When she was alone with the doctor on her second visit, Labia told Chvotzkin that she lied to Aisha’s husband to come to the clinic. “If her husband notices, he will kill her,” Chvotzkin said angry. “If he finds out that I gave her mother her oral contraceptive, he will kill her too.”

They were allowed to go for a health check for two hours, and if they came home late, Aisha would be beaten. Her beatings are raped daily by her husband and are two reasons why Aisha committed suicide during her pregnancy, Chvotzkin said.

Silent for 6 months

Aisha, now 13 years old, has spoken only a few words since she gave birth to her baby six months ago, Chvotzkin said. Her condition is most likely the result of her trauma and postpartum depression, and her doctor said she could also explain why she never had a bond with her child. rice field.

Early marriages are often between young Syrian girls and other Syrian boys of similar age, usually cousins ​​or distant relatives. However, since the beginning of the Syrian Civil War, marriages have occurred more frequently between young girls and much older men, as in Aisha.

Chvotzkin acknowledged that marriage can bring security to vulnerable girls and their families, but said early marriage is often just another form of violence faced by young girls.

“I tend to pick up subtle signs of recent abuse and a history of abuse,” Chvotzkin said. “There are some issues with these young refugees.”

The girls and women she treated in Jordan and Syria faced multiple threats and outbreaks of abuse, Chvotzkin said, citing the story the girl told her.

Some were “attacked by the Assad regime and raped by Daesh. [ISIS] From the family, even a 12-year-old young daughter was sold to a socially ill person who promised a good future. “

Chvotzkin also works in Greece and accepts thousands of refugees daily on the small island of Lesvos. One of the Yazidi girls who arrived on Lesbos Island with her family on an inflatable raft showed signs of her abuse and trauma, she said. However, she did not receive treatment for the girl because her family was obsessed with advancing towards Germany as soon as possible.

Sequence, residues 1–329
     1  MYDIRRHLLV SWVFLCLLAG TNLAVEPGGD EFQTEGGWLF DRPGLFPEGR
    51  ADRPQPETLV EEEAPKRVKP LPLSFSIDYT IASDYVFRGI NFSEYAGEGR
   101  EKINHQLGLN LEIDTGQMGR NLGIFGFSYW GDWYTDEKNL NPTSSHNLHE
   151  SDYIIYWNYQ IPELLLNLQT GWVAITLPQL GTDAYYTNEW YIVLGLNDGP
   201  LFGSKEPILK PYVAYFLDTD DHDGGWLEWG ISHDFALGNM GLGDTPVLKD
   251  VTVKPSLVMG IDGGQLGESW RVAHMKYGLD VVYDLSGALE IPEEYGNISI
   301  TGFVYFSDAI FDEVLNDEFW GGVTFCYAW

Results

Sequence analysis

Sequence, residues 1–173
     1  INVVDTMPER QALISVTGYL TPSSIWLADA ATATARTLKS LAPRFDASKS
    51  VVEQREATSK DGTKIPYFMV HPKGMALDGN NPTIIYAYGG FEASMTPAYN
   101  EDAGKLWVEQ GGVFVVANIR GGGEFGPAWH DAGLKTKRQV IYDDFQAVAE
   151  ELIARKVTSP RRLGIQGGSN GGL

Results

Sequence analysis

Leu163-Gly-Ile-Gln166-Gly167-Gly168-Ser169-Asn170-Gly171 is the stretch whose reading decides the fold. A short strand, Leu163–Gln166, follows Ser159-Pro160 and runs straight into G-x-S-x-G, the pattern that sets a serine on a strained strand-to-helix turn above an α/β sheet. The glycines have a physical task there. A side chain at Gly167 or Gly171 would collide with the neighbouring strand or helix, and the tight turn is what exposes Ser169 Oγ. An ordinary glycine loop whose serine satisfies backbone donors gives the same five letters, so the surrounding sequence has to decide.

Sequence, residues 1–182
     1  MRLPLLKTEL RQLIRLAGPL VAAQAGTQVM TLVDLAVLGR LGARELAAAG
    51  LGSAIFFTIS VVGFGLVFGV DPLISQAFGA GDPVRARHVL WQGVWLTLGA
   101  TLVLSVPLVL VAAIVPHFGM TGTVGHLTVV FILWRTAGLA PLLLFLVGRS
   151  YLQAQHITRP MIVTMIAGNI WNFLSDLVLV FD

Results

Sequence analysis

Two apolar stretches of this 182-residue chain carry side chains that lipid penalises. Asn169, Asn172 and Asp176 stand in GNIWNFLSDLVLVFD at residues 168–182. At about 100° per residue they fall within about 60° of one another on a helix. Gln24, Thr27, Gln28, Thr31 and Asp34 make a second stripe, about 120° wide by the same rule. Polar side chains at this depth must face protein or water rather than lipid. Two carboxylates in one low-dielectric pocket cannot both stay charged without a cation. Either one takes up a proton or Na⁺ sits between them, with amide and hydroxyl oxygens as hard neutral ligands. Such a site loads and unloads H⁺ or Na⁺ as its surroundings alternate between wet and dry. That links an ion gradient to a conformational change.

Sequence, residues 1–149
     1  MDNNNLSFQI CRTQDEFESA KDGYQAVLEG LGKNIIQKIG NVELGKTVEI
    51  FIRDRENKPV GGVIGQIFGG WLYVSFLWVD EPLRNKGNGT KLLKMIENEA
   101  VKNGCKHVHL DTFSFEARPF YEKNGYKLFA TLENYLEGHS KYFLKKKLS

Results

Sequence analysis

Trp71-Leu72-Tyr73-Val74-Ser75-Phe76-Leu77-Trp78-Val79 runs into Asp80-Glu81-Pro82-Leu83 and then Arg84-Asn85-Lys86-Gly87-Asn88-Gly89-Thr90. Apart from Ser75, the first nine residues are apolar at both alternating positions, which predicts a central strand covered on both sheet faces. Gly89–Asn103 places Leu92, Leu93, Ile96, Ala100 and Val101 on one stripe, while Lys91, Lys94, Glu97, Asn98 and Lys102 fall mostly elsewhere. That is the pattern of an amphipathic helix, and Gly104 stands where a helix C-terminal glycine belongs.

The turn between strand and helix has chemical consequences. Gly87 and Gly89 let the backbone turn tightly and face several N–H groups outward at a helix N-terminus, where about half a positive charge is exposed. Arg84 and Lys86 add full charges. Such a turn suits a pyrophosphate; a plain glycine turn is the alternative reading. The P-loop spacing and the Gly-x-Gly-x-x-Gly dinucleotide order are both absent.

“The biggest problem is that people are moving very fast,” said Boris Chesirkov, head of media relations at the United Nations High Commissioner for Refugees on Lesbos, at a coastal cafe in the port of Mitilini on Lesbos last month. That is the fact. ” “They are in, registered, and out.”

This constant movement raises concerns among organizations seeking support for individuals or groups at risk. “A group of high-risk people does not necessarily have a safety net to be cared for or identified,” Chesirkov said. “And they don’t necessarily move forward because they want to continue their journey.”

The day Aisha and Labia came to her, Chvotzkin said she tried to persuade them to go to a safe place with her. But they couldn’t. The other four children of Labia were at home with her husband in Aisha, and if they left now, they couldn’t take the other children with them. It would have been.

Chvotzkin sees little how Aisha asks for help.

“In a conversation I had with her mother through an interpreter, her mother said that every aspect of her daughter’s life was completely controlled and monitored by her husband. Where she is always. If he didn’t know, there was a result. She would be beaten. She [the daughter] Men, apparently, were not allowed to talk to other non-Muslims or women who did not wear the hijab. She wasn’t allowed to call and she had no way to contact anyone. All the money for her family came through him. They had few choices and everyone was very obedient. “

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Written by Fem Society